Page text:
prompt = "A female super-model poses in a casual long vacation skirt, with full body length, bright colors, photorealistic, high quality, highly detailed, elegant, sharp focus"

# Convert image to string
input_image_filename = "./imgs/skirt-model-2.jpg"
encoded_input_image = encode_base64(input_image_filename)
encoded_mask_image = encode_base64("./imgs/skirt-model-2-mask.jpg")

# Set in-painint parameters
guidance_scale = 6.7
num_inference_steps = 45

# run prediction
response = predictor.predict(data={
  "inputs": prompt,
  "input_img": encoded_input_image,
  "mask_img": encoded_mask_image,
  "num_images_per_prompt" : num_images_per_prompt,
  "image_length": 768

# decode images
decoded_images = [decode_base64_image(image) for image in response["generated_images"]]

# visualize generation
display_images(decoded_images, columns=num_images_per_prompt, width=100, height=100)

# insert initial image in the list so we can compare side by side
image ="RGB")
decoded_images.insert(0, image)
# Display inpainting images in grid
image_grid(decoded_images, 1, num_images_per_prompt + 1)

The in-painted images can be displayed along with the original image for visual comparison. Additionally, the in-painting process can be constrained using various parameters such as guidance_scale, which controls the strength of the guidance image during the in-painting process. This allows the user to adjust the output image and achieve the desired results.
Inference Output

Amazon SageMaker Jumpstart offers Stable Diffusion templates for various models, including text-to-image and upscaling. For more information, please refer to SageMaker JumpStart now provides Stable Diffusion and Bloom models. Additional Jumpstart templates will be available in the near future.


Although CLIPSeg usually performs well on recognizing common objects, it struggles on more abstract or systematic tasks such as counting the number of objects in an image and on more complex tasks such as predicting how close the nearest object such a handbag is in a photo. Zero-shot CLIPSeg also struggles compared to task-specific models on very fine-grained classification, such as telling the difference between two vague designs, variants of dress, or style classification. CLIPSeg also still has poor generalization to images not covered in its pre-training dataset. Finally, it has been observed that CLIP’s zero-shot classifiers can be sensitive to wording or phrasing and sometimes require trial and error “prompt engineering” to perform well. Switching to a different semantic segmentation model for CLIPSeg’s backbone, such as BEiT, which boasts a 62.8% mIOU on the ADE20K dataset, could potentially improve results.

Fashion designs generated by using Stable Diffusion have been found to be limited to parts of garments that are at least as predictably-placed in the wider context of the fashion models, and which conform to high-level embeddings that you could reasonably expect to find in a hyperscale dataset used during training the pre-trained model. The real limit of generative AI is that the model will eventually produce totally imaginary and less authentic outputs. Therefore, the fashion designs generated by AI may not be as varied or unique as those created by human designers.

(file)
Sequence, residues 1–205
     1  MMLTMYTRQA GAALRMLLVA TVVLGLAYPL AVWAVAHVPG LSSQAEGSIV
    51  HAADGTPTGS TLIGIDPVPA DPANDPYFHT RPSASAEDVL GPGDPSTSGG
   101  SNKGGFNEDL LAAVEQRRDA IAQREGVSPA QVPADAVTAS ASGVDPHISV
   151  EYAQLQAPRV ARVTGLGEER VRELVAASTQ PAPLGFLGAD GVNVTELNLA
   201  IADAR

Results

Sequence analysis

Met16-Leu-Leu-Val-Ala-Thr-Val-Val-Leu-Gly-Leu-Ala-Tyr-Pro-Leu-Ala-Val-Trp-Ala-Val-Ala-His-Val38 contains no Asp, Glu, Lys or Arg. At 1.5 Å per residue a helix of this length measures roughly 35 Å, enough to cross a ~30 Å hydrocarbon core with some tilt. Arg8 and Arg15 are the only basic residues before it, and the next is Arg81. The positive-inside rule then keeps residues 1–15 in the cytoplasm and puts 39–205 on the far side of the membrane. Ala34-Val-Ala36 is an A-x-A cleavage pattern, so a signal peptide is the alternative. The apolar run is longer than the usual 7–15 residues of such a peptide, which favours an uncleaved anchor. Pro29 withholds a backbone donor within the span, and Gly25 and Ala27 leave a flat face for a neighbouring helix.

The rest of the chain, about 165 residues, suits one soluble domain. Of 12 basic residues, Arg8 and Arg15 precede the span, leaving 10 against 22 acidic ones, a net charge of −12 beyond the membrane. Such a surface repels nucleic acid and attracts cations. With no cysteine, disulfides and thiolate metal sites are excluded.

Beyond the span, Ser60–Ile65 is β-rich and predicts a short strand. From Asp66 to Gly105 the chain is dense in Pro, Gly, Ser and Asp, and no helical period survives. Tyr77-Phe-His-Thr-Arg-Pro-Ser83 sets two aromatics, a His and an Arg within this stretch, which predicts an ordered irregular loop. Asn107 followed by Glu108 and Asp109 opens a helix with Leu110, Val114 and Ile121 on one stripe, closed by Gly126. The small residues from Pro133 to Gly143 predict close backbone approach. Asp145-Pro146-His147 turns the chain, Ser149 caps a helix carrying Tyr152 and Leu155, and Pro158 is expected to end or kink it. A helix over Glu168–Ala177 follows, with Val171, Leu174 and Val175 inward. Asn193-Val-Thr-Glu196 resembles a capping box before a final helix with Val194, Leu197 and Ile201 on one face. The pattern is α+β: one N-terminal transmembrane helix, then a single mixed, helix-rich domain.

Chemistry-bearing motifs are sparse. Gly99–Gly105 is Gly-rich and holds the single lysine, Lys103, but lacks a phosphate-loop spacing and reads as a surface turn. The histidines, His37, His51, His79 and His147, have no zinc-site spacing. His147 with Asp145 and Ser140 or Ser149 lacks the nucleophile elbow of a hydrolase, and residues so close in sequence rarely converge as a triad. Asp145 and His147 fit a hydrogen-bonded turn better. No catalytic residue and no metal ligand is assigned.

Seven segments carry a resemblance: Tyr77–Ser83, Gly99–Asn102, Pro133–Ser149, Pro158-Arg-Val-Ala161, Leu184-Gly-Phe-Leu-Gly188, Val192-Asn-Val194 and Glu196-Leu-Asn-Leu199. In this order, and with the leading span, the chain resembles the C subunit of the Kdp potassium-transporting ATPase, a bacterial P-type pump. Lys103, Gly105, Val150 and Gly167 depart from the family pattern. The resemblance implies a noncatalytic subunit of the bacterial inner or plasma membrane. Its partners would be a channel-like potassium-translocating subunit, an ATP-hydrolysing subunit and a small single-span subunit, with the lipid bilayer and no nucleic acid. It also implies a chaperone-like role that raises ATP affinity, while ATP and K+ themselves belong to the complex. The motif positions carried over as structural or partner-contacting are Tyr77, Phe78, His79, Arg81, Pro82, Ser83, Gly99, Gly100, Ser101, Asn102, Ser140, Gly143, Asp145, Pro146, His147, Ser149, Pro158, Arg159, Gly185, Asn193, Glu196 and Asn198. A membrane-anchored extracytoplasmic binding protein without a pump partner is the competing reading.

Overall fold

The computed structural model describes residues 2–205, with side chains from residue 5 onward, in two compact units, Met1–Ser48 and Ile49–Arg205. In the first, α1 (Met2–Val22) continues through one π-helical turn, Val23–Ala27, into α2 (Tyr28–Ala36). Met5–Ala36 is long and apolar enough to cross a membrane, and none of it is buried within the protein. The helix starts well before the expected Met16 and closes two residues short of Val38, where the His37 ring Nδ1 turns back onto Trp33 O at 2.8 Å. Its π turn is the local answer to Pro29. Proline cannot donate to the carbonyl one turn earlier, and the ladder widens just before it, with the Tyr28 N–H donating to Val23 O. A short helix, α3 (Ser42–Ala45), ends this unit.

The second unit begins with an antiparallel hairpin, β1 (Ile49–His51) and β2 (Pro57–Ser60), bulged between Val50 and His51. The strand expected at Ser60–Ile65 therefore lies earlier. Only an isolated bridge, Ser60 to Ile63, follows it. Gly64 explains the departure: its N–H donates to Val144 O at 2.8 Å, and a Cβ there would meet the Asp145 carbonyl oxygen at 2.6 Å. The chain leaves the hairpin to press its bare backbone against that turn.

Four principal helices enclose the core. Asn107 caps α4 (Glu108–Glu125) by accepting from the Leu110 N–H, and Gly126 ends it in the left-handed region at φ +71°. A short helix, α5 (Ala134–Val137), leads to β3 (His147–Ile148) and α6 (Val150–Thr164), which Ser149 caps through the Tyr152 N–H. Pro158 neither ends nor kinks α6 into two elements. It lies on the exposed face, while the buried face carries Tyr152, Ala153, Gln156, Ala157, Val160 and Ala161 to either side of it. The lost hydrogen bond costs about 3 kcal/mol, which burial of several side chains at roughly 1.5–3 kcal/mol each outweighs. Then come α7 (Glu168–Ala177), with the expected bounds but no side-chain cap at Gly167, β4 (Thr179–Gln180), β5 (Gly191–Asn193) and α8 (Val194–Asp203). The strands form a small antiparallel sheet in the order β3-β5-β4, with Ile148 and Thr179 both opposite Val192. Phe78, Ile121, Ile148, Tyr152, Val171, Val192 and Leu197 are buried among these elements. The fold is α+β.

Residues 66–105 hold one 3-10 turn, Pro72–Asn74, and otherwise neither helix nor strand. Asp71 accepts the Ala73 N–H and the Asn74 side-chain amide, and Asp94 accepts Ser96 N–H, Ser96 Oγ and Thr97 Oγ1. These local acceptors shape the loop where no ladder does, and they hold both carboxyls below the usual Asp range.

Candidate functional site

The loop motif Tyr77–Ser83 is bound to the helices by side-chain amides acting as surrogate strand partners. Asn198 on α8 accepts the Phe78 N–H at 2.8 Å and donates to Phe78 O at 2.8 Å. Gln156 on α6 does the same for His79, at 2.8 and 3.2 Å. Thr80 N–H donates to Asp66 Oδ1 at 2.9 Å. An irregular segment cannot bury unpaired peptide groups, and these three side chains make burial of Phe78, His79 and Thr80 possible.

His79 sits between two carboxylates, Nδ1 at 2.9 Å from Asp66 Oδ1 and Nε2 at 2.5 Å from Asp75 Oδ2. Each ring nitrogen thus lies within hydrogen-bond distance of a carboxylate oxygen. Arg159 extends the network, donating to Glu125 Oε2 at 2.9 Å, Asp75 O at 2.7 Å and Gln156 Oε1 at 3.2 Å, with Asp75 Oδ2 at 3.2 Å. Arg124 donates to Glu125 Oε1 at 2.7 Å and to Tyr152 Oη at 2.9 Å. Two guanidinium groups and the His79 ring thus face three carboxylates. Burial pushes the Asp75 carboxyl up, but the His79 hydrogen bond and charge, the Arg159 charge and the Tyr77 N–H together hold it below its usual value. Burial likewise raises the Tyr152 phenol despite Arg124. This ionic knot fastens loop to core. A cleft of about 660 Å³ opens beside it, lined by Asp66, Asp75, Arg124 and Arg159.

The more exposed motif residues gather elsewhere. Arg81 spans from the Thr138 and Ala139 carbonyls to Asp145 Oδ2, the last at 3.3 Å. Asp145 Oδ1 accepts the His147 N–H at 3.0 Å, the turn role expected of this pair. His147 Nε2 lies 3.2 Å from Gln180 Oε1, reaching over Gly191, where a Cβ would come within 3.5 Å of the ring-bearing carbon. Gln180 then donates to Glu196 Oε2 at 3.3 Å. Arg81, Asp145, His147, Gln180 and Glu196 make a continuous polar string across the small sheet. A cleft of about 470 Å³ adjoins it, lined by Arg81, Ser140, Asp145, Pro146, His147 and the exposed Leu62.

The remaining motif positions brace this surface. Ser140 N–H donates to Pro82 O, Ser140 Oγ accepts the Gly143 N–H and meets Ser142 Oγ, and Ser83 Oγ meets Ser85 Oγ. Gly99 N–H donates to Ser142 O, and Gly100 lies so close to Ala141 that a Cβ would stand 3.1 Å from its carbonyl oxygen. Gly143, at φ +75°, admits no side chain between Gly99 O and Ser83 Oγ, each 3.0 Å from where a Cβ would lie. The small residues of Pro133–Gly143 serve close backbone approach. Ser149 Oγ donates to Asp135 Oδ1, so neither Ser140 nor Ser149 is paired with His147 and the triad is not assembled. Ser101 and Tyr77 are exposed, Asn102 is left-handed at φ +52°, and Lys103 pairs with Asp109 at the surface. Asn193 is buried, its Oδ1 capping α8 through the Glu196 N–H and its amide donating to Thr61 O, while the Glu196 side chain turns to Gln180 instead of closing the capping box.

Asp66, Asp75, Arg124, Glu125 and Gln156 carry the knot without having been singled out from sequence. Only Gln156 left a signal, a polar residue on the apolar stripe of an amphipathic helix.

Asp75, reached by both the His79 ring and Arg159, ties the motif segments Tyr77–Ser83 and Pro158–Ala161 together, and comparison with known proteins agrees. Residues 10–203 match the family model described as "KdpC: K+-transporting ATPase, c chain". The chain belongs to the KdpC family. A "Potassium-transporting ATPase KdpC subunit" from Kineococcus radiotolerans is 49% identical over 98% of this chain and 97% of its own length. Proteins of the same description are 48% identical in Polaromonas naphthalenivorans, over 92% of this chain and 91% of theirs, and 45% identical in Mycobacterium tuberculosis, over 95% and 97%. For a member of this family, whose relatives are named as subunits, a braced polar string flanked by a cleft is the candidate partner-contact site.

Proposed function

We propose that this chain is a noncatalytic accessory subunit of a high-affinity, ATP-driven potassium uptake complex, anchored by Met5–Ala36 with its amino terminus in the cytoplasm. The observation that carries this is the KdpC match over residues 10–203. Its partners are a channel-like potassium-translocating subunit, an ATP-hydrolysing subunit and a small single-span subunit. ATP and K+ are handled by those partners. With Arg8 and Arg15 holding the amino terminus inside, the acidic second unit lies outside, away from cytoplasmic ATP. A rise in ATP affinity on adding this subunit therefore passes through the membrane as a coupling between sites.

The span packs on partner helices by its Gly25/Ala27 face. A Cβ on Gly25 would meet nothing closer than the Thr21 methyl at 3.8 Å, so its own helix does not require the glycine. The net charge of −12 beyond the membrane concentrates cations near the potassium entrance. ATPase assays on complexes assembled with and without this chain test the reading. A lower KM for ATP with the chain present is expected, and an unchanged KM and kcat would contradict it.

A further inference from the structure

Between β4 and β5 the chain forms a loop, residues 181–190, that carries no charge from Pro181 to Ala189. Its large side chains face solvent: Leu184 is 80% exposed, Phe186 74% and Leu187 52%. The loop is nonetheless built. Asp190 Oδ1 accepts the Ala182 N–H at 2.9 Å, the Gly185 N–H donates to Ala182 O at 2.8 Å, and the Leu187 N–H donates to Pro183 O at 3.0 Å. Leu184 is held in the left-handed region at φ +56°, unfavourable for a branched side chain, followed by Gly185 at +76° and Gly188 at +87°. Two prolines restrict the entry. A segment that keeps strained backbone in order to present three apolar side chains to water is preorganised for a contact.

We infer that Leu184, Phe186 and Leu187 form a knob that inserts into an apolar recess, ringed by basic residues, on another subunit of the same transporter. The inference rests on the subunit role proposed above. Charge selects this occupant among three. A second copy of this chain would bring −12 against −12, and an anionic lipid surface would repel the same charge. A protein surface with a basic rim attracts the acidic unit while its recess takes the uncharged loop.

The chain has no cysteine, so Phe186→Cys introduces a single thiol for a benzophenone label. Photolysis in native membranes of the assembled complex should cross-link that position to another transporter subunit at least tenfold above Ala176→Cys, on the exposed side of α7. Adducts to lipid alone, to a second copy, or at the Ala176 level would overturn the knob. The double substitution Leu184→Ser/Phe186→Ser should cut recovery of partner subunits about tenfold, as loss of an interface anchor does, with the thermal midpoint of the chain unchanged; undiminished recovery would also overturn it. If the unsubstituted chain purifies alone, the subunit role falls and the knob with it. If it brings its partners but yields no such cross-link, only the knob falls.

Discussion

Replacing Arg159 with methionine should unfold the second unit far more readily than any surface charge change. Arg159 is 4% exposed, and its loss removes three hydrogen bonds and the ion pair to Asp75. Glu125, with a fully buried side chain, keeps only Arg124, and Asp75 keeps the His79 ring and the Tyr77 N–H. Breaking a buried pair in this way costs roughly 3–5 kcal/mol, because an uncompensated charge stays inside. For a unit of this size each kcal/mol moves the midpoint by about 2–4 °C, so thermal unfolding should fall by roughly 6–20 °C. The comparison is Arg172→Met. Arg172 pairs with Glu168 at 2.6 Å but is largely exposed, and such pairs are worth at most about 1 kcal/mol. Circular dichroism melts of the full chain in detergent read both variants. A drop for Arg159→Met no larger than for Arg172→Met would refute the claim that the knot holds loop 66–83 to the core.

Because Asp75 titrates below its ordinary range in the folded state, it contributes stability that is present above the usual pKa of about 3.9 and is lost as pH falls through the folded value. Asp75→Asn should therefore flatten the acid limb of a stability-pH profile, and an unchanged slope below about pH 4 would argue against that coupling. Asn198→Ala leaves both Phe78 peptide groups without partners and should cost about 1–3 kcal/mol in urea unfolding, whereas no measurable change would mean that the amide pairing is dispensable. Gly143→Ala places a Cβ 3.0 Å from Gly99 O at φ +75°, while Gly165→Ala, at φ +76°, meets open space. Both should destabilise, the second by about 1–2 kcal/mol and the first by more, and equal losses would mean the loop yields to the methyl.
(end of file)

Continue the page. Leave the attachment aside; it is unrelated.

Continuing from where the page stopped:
Generative AI provides the fashion sector an opportunity to transform their practices through better user experiences and cost-efficient business strategies. In this post, we showcase how to harness generative AI to enable fashion designers and consumers to create personalized fashion styles using virtual modeling. With the assistance of existing Amazon SageMaker Jumpstart templates and those to come, users can quickly embrace these advanced techniques without needing in-depth technical expertise, all while maintaining versatility and lowering expenses.

This innovative technology presents new chances for companies and professionals involved in content generation, across various industries. Generative AI provides ample capabilities for enhancing and creating content. Try out the recent additions to the Jumpstart templates in your SageMaker Studio, such as fine-tuning text-to-image and upscale capabilities.

We would like to thank Li Zhang, Karl Albertsen, Kristine Pearce, Nikhil Velpanur, Aaron Sengstacken, James Wu and Neelam Koshiya for their supports and valuable inputs that helped improve this work.

About the Authors

Alfred Shen is a Senior AI/ML Specialist at AWS. He has been working in Silicon Valley, holding technical and managerial positions in diverse sectors including healthcare, finance, and high-tech. He is a dedicated applied AI/ML researcher, concentrating on CV, NLP, and multimodality. His work has been showcased in publications such as EMNLP, ICLR, and Public Health.

Vivek MadanDr. Vivek Madan is an Applied Scientist with the Amazon SageMaker JumpStart team. He got his PhD from University of Illinois at Urbana-Champaign and was a Post Doctoral Researcher at Georgia Tech. He is an active researcher in machine learning and algorithm design and has published papers in EMNLP, ICLR, COLT, FOCS, and SODA conferences